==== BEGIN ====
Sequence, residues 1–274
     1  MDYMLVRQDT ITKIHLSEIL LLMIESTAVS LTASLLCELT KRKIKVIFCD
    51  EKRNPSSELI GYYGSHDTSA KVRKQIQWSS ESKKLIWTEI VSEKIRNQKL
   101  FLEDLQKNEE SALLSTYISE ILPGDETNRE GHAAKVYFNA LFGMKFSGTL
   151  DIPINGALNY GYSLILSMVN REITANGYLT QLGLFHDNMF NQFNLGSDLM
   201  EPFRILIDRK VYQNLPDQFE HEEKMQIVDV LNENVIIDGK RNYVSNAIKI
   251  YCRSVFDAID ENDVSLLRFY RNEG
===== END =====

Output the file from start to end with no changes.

Sequence, residues 1–274
     1  MDYMLVRQDT ITKIHLSEIL LLMIESTAVS LTASLLCELT KRKIKVIFCD
    51  EKRNPSSELI GYYGSHDTSA KVRKQIQWSS ESKKLIWTEI VSEKIRNQKL
   101  FLEDLQKNEE SALLSTYISE ILPGDETNRE GHAAKVYFNA LFGMKFSGTL
   151  DIPINGALNY GYSLILSMVN REITANGYLT QLGLFHDNMF NQFNLGSDLM
   201  EPFRILIDRK VYQNLPDQFE HEEKMQIVDV LNENVIIDGK RNYVSNAIKI
   251  YCRSVFDAID ENDVSLLRFY RNEG